The debate about a downtown arena shows no signs of abating any time soon.

On the upside, everyone seems to be getting a kick at the can, which is what democracy is all about. In addition to newspaper and television coverage, there is a plethora of tweets, blogs, letters to the editor and various and sundry posts on websites.

The downside to all this opinionating is it creates a lot of noise in the communication channels, which makes it difficult to determine exactly how the majority of Edmontonians feel about a downtown arena that would either be partially or fully paid for with civic tax dollars. I think this confusion can be traced back to how the issue was originally presented.

If we could back up in time, I think we should have started asking Edmontonians if they want a NHL team in Edmonton. I suspect the answer would be yes. But at best, it is just that, a suspicion. This city has changed a great deal since the glory days of the Edmonton Oilers. Many people who live here now have no memory of that time and have no ties to our national game whatsoever.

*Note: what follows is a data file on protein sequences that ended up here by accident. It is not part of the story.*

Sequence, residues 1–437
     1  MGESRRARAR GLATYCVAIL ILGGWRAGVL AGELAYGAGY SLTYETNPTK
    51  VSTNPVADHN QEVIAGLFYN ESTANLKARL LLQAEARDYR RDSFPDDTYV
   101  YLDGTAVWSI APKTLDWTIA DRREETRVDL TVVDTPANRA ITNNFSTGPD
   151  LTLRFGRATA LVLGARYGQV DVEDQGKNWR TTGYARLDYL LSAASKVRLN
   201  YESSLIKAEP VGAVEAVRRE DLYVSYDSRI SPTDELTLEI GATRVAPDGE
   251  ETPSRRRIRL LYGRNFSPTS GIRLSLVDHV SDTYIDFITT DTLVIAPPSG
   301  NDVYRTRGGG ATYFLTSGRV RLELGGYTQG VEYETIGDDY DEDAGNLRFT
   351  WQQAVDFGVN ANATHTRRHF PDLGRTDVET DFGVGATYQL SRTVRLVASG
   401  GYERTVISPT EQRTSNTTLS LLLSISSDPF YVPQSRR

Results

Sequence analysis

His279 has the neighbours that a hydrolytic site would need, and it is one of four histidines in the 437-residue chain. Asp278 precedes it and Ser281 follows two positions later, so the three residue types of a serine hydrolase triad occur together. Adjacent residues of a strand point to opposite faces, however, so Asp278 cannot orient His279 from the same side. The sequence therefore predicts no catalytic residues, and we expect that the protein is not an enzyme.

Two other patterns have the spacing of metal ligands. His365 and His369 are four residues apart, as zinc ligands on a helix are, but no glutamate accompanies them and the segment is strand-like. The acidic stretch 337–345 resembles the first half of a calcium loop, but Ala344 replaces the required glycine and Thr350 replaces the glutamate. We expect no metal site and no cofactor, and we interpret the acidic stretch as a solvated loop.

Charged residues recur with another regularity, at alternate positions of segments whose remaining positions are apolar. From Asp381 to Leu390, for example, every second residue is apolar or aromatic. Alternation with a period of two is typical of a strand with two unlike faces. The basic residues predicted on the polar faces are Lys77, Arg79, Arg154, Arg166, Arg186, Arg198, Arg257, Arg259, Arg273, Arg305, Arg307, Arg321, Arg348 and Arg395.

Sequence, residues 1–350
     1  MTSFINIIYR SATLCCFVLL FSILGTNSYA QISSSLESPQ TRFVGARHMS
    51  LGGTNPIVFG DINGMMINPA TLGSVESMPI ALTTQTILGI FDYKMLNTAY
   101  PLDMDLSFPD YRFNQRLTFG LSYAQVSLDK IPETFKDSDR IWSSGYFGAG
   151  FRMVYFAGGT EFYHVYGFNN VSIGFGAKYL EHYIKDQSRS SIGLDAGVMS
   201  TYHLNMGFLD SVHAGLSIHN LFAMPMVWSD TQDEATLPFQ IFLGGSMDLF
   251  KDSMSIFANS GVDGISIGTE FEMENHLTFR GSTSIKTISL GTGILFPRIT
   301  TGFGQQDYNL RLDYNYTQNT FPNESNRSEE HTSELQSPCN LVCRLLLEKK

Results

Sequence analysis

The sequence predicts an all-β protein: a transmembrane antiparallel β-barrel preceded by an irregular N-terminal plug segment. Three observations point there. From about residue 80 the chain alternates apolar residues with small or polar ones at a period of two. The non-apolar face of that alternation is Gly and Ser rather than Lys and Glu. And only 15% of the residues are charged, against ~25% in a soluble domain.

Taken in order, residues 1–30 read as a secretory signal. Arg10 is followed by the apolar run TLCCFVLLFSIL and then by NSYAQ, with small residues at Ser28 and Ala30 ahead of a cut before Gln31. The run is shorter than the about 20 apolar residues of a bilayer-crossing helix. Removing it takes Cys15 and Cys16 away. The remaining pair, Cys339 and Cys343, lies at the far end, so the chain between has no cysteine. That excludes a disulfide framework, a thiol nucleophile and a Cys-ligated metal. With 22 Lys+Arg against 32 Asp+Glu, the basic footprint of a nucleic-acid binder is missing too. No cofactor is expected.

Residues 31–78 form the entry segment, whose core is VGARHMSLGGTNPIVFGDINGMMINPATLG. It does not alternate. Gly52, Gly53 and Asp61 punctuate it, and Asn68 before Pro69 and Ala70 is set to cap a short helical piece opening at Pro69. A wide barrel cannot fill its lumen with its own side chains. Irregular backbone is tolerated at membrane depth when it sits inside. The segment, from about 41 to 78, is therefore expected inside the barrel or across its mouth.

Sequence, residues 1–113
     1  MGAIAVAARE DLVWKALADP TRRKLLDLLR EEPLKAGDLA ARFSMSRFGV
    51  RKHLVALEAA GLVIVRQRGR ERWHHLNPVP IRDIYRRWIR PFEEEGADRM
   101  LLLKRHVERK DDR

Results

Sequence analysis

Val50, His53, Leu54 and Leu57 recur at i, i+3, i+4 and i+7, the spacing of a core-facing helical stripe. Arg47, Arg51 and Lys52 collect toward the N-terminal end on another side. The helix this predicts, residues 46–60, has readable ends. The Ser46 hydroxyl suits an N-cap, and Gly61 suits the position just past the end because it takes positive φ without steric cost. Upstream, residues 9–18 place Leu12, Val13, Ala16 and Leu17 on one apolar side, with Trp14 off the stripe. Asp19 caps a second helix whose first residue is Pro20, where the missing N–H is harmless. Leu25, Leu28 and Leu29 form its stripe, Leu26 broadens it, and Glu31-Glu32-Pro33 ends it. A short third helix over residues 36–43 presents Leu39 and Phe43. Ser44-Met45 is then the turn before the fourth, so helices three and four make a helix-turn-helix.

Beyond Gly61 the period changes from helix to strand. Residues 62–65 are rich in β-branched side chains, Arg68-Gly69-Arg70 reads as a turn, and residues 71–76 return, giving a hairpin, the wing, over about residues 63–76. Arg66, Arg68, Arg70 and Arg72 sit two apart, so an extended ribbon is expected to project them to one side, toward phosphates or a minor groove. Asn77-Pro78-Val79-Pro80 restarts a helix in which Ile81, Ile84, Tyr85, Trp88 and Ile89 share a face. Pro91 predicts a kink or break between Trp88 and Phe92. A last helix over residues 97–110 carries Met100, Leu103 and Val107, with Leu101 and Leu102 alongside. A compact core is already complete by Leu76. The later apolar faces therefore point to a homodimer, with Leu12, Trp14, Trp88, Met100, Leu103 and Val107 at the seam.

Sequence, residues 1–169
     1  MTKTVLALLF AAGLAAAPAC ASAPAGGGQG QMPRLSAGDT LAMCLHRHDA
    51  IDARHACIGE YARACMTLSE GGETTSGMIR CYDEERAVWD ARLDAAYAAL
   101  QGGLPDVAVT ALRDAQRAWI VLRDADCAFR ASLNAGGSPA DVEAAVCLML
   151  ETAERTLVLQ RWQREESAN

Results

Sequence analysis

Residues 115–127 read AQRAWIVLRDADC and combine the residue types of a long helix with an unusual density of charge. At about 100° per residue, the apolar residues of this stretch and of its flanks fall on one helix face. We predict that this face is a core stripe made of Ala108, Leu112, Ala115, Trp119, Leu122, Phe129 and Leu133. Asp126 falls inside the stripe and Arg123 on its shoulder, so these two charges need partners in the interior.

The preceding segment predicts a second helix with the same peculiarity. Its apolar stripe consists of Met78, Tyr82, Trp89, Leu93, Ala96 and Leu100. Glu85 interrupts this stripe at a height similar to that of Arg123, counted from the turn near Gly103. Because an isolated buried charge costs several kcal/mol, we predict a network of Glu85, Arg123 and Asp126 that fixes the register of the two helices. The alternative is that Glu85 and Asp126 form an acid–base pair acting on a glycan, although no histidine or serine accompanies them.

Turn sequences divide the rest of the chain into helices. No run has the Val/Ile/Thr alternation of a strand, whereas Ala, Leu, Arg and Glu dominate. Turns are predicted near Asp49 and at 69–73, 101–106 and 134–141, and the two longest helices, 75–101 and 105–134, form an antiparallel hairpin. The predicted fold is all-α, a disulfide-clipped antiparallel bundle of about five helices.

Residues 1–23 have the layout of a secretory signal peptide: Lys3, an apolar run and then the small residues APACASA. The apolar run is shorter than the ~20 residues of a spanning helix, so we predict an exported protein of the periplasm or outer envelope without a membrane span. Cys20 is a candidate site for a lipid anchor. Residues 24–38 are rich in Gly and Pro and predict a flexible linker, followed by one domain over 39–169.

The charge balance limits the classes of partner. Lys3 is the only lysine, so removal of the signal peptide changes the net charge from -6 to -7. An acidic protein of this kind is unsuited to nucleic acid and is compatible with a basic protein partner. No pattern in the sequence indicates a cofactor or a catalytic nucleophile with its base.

It could very well be that the majority of Edmontonians don’t really care whether we have an NHL team or not. If we had a clear indication of that, the discussion of who pays for a new arena and its location would be moot. There would be no new arena period.

But let’s assume we posed that question and the answer was yes. The next step would be to ask Edmontonians if there is a role for the city to play in ensuring we have team. Again, if the answer was no, the debate would end immediately. If the answer was yes, the next question would be to ask Edmontonians what they would be willing to do to keep our NHL team.

One of the options would have to be nothing, and there are certainly those that have taken that tack. The other options would be to finance a new arena entirely with tax dollars or to partially fund it with tax dollars.
We could have arrived at an answer to those questions and a clear direction from the public by doing a secure online poll conducted by a neutral third party. Seems to me that would have been money well spent.

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